The Boston Breakers have been gone for a little over two years by now, folding in the face of an ownership group that wanted out. The players have moved on, scattered throughout the league, or retired. The fans have moved on in varying degrees too; some have found new teams to support, while others have taken a break from NWSL, still too hurt to find any relief in the game. With league action on hold, perhaps even canceled, we’re doing the modern equivalent of leafing through photo albums, finally opening picture folders we swore we’d organize one day, but instead uploaded and then left untouched on hard drives until a global crisis forced us to be inside with our own thoughts all the time. We’re all stuck indoors, trying to find ways to occupy ourselves, desperate not to be left in silence. We’re turning to memories for comfort and for morale. Everyone can have a little escapism, as a treat. Although, given the subject of this dive, it may not be an escape so much as a maudlin exercise in nostalgia.
Things felt different in 2013 and ‘14, which is when most of these photos were taken. The league was a baby and the Breakers were definitely small potatoes, at least in terms of their operation; they started out that first year in the painfully municipal Dilboy Stadium in Somerville, where the grounds crew would yell at everyone to get off the track and Karina Leblanc once brazenly climbed over their prized shrubbery to get into the stands to sign autographs and take pictures.
But there was such a strong history behind the name - every game they would unfurl huge banners commemorating veteran players Maren Meinert, Angela Hucles, and Leslie Osborne - and heavyweights like Heather O’Reilly and Sydney Leroux had been allocated. The team had a nice cast of characters from the jump; Canadians Carmelina Moscato and Rhian Wilkinson joined veterans Kia McNeill and Cat Whitehill in defense, and a young Alyssa Naeher was enlisted as a backup for Ashley Phillips, although she quickly became the team’s rock and an incredible fan favorite for her stoic, dignified endurance in net even as the performance on the field in front of her collapsed game after game. Lianne Sanderson was sometimes the fans’ only hope of a goal, all of us anxiously tracking her bright blonde hair weaving through the attacking third. And of course, local kid Kristie Mewis, at the time the only Mewis playing pro soccer while her sister finished up at UCLA.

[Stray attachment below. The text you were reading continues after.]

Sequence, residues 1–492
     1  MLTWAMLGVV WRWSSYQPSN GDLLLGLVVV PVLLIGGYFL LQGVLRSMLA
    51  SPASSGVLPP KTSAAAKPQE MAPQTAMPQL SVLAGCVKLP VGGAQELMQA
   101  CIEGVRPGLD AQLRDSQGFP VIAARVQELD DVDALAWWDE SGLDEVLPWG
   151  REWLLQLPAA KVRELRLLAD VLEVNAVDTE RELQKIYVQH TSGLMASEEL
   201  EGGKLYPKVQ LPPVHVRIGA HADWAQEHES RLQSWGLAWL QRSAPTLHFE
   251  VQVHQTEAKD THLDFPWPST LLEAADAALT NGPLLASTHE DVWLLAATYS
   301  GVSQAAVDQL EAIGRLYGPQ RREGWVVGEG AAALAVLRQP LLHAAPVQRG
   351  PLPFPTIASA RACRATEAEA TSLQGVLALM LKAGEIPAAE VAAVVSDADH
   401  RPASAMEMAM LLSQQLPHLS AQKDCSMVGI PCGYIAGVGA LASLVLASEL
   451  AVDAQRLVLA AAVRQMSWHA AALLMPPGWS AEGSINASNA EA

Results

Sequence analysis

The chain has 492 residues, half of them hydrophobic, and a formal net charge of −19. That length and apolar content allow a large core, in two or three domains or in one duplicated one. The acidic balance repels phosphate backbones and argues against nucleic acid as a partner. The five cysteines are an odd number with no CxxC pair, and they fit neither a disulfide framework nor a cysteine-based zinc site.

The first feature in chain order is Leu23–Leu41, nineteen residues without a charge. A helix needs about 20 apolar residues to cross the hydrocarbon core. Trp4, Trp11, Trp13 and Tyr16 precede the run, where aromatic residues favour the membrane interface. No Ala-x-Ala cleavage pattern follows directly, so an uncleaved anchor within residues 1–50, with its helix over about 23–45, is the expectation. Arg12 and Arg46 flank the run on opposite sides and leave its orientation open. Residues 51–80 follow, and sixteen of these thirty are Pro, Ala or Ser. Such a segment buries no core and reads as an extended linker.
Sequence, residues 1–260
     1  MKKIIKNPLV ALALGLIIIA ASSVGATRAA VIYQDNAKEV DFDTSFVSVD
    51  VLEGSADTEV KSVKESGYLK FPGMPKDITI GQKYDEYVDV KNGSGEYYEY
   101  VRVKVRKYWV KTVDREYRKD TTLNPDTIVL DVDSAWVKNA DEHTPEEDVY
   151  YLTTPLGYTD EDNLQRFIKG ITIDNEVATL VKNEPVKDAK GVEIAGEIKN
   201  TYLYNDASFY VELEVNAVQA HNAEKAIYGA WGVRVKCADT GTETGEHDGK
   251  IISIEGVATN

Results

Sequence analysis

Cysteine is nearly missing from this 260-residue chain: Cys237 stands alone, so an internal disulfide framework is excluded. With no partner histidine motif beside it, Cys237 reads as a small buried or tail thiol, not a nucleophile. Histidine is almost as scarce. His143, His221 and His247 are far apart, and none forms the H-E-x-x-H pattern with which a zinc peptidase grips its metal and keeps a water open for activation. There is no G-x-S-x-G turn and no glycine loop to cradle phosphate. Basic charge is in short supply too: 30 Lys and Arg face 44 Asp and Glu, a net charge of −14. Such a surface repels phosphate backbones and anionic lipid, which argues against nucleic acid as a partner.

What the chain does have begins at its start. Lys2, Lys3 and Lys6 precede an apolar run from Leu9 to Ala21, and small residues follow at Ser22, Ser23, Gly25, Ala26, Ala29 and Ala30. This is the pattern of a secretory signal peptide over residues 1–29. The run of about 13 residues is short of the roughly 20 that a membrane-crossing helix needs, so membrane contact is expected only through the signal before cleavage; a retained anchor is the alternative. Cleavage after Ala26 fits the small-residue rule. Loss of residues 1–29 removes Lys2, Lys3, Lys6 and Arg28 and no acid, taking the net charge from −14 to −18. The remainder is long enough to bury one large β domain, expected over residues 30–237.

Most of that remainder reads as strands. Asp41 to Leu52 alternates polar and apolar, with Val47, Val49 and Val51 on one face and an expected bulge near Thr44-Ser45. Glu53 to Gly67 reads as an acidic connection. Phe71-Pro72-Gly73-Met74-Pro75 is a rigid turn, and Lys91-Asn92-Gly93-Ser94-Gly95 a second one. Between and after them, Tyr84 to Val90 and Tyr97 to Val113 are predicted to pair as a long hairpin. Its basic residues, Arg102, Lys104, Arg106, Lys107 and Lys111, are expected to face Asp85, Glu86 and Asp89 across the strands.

Then they moved to Harvard Stadium, where they’d played in WPS. It was a cavernous ring of tiered concrete seats, where the athletically inclined locals would run stair sprints when not in use. There was also a random mascot uniform from time to time. The mascot was not long-lived.
Eventually, the team moved to Harvard’s soccer-specific Jordan field, a venue fine for NCAA Ivy League conference games, but strained to the seams by the demands of a fully professional team.